It is unquestioned law that where the death of an employee may be traced to two causes, first, to that of a primary disease, and secondly, to overexertion in the work in behalf of his employer in which the employee is engaged at the time of his death, the employer or his insurer is liable. In other words, notwithstanding the previous diseased condition of the employee and in the natural consequence of which the inevitable death of the employee will ensue, if satisfactorily established that the demise of the employee, though primarily caused by his idiopathic condition, nevertheless was superinduced by overexertion of the employee arising out of his employment, the liability of the employer is fixed. As is said in Eastman Co. v. Industrial Acc. Com., 186 Cal. 587, 594 [ 200 P. 17]: "If the disability, although arising from a chronic heart trouble, was brought on by any strain or excitement incident to the employment, the industrial liability still exists. Acceleration or aggravation of the pre-existing disease is an injury in the occupation causing the acceleration. (Citing cases.)"
In the case of Knock v. Industrial Acc. Com., 200 Cal. 456 [ 253 P. 712], the case of Patrick v. Ham Co., 119 Me. 510 [13 A.L.R. 427, 111 A. 912], is cited with approval. In the latter case it is held that, although, as in the instant case, the employee may have been predisposed to cerebral hemorrhages, and that he might have died therefrom "within a week or a year," nevertheless if the seizure which caused his death occurred while the employee was directly engaged in an overexertion which was required by his employment, the industrial liability of his employer existed.
In the Knock case, 200 Cal. 456 [ 253 P. 712], the employer was held liable for the death of an employee primarily caused by directing the employee to work at an altitude higher than that to which he had been accustomed in his regular employment.
On the other hand, the principle seems to be firmly established that, notwithstanding the fact that in the course of his employment death may occur to the employee, if it appear that it was caused solely from a disease with which the employee was afflicted, the injury sustained by his dependents on account of the death of the employee is not compensable. In that connection the language appearing in the case of Eastman Co. v. Industrial Acc. Com., 186 Cal. 587, 594 [ 200 P. 17], is pertinent. It is as follows: "Where, however, the proximate and immediate cause of the injury is from disability arising solely from an idiopathic or subjective condition, the weight of authority, including the decisions of this state, are against recovery, though the injury clearly occurs in the course of employment. (Citing cases.)"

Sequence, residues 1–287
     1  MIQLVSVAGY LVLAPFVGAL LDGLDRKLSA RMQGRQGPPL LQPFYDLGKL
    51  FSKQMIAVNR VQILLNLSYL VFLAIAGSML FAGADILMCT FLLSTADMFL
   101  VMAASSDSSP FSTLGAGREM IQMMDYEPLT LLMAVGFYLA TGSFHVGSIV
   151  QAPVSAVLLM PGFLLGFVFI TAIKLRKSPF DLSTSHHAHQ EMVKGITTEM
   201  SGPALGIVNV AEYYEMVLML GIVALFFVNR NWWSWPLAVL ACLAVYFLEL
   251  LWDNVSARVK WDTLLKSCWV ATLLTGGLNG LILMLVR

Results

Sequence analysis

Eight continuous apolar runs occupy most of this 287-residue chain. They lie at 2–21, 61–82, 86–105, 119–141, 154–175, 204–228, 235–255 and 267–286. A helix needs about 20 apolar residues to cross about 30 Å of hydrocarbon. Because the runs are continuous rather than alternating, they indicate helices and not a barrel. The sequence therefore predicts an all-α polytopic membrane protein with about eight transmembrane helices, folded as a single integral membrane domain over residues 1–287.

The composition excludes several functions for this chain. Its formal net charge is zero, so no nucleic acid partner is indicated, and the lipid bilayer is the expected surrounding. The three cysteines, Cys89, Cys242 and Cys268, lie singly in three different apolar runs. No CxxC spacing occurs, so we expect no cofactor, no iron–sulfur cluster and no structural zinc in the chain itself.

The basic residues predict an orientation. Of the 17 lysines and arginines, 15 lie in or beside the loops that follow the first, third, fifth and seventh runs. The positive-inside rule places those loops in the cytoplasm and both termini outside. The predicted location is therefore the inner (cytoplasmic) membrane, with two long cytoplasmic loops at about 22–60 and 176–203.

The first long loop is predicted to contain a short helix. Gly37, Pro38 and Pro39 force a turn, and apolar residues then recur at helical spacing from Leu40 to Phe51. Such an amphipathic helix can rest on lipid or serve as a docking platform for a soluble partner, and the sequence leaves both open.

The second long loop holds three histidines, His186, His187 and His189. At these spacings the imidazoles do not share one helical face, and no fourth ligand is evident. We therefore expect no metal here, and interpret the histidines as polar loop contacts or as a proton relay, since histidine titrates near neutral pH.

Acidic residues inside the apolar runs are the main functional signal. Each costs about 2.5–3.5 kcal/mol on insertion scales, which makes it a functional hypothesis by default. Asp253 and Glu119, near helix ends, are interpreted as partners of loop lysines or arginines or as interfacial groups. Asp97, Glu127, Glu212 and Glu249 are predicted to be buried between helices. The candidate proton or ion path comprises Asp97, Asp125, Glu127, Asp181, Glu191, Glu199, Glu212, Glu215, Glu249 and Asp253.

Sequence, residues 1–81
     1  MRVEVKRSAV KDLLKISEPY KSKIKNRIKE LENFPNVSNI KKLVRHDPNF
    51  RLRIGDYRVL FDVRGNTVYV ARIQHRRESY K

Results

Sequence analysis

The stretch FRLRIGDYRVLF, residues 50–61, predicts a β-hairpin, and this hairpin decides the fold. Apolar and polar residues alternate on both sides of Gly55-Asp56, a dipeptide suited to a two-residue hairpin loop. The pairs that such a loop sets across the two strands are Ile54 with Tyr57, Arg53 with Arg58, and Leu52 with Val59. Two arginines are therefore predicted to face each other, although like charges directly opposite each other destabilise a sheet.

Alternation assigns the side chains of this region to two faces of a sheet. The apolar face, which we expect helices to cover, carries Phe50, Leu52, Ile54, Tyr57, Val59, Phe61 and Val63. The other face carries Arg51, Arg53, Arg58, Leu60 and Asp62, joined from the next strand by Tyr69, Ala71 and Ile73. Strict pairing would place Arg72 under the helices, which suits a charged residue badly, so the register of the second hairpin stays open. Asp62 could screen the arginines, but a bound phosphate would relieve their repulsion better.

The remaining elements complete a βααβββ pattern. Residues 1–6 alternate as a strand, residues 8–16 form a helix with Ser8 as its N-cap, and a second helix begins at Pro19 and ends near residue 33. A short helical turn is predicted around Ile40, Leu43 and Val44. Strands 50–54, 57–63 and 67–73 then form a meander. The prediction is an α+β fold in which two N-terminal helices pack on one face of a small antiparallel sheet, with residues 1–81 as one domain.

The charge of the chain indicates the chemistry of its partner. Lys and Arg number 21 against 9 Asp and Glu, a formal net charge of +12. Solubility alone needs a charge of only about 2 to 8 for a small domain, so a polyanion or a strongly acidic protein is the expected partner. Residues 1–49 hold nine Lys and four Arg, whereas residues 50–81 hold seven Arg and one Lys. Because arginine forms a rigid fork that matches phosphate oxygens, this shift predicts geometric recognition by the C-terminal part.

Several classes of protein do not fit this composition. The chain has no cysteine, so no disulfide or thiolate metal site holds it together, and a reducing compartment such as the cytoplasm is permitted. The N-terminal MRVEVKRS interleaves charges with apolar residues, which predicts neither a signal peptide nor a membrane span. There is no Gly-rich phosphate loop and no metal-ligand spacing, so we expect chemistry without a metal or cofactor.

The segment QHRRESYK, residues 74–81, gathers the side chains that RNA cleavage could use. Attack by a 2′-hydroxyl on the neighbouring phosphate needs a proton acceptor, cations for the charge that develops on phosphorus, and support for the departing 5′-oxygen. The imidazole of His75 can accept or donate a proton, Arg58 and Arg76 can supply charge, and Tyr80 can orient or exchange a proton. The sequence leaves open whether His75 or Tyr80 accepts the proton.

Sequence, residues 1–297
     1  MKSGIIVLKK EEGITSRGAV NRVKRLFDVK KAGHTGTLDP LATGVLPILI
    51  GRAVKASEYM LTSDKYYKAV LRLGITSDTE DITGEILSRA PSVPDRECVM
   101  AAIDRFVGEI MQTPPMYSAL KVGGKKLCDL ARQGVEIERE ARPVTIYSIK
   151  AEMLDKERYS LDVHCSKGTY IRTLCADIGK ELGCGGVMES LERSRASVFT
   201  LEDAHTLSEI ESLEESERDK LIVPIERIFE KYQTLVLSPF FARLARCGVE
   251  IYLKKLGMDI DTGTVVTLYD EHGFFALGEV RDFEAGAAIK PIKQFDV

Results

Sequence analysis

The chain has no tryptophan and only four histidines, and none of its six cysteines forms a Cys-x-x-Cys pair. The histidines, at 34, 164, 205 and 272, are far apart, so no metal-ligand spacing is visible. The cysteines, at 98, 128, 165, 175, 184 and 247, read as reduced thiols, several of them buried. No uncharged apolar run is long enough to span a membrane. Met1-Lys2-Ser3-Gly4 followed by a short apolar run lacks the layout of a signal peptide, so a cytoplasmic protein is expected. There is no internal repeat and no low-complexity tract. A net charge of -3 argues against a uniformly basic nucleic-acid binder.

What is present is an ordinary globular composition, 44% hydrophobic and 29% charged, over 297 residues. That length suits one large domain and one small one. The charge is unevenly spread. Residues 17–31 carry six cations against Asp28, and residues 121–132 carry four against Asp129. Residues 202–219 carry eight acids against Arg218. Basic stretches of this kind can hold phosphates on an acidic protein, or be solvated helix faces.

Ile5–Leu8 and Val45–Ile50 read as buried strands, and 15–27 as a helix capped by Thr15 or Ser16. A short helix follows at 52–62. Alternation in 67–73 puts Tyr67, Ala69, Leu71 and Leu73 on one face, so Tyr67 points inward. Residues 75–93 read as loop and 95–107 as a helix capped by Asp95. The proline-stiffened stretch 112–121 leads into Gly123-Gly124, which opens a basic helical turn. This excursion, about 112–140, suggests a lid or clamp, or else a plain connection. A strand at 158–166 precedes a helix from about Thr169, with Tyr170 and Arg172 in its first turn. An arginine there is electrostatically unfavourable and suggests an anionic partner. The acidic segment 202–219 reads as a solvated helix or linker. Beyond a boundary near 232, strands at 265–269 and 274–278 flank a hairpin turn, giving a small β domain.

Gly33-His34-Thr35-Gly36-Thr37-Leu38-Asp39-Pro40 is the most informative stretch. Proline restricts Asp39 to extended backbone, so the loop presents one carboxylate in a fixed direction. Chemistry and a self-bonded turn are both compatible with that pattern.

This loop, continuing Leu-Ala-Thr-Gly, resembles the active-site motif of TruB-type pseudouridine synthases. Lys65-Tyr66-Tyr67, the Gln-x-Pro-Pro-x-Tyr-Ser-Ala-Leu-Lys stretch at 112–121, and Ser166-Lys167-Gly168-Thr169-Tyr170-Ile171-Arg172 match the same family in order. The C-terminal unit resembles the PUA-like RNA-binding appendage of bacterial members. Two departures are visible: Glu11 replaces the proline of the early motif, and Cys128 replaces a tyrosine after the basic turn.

The law, then, appears to be well settled.  The difficulty encountered in the correct determination of a given case depends primarily upon the facts as determined by the tribunal before which the proceeding is heard. In the instant case, with reference to the cause of death, the finding by the respondent Commission was that the evidence does not establish that the employee's death was proximately caused by an injury arising out of the employment. As a somewhat reduced statement of the salient facts adduced on the hearing before the respondent Commission, it appears that the only possible "overexertion" of the employee in connection with his work consisted in the walking "pretty fast" and the carrying by him of a 21-pound iron key for a distance of from 250 to 300 yards. That whatever immediate effect was produced by such possibly unusual physical exertion was of no material consequence is manifested by the fact, as testified to by the widow of deceased, that shortly thereafter he appeared to be "all right"; also (by the superintendent) that on arriving at the hatchery, the employee "appeared to be normal and about the same as usual." The additional facts that for a space of ten minutes following the incident in question he remained within the hatchery, during which time he watched the operation of the water which had been turned into the hatchery and conversed generally with the superintendent and one of his fellow-employees; and, upon being requested to do so by the superintendent, the employee walked the 250 or 300 yards back to his work and there resumed his usual and ordinary labor before any manifestation of the fatal attack was noticeable, — would tend to establish the correctness of the conclusion reached by the respondent Commission, which is the subject of the petitioner's attack. With the exception of the hardened arteries of the employee, the evidence is replete with testimony of his good health, his former powers of endurance, and his general physical condition. When the well-known fact is considered that an infantryman in the U.S. Army, on an all-day march in time of war, is required to walk rapidly and at the same time to carry as ordinary equipment arms and baggage aggregating 57 pounds, the fact that in the instant case an employee accustomed to outdoor labor should be required to carry a 21-pound key for a distance of only 250 to 300 yards would seem negligible as a factor in demonstrating or illustrating any actual "overexertion." The only evidence before the respondent Commission which in any way would authorize a finding to the effect that the death of the employee was proximately caused by an accident arising out of his employment was that contained in the testimony of the physician who, with some hesitancy and qualification, stated in substance that he believed that "this cerebral hemorrhage was caused from the fact that he [the employee] overexerted himself at that time." The further testimony of the physician shows that from clinical observations it is shown that not more than twenty or twenty-five per cent of the cases of cerebral hemorrhage occur following exertion, and that "it would only be a guess . . . to determine whether a cerebral hemorrhage occurring as in the present instance is caused by overexertion, or any of the numerous causes that might cause high blood pressure."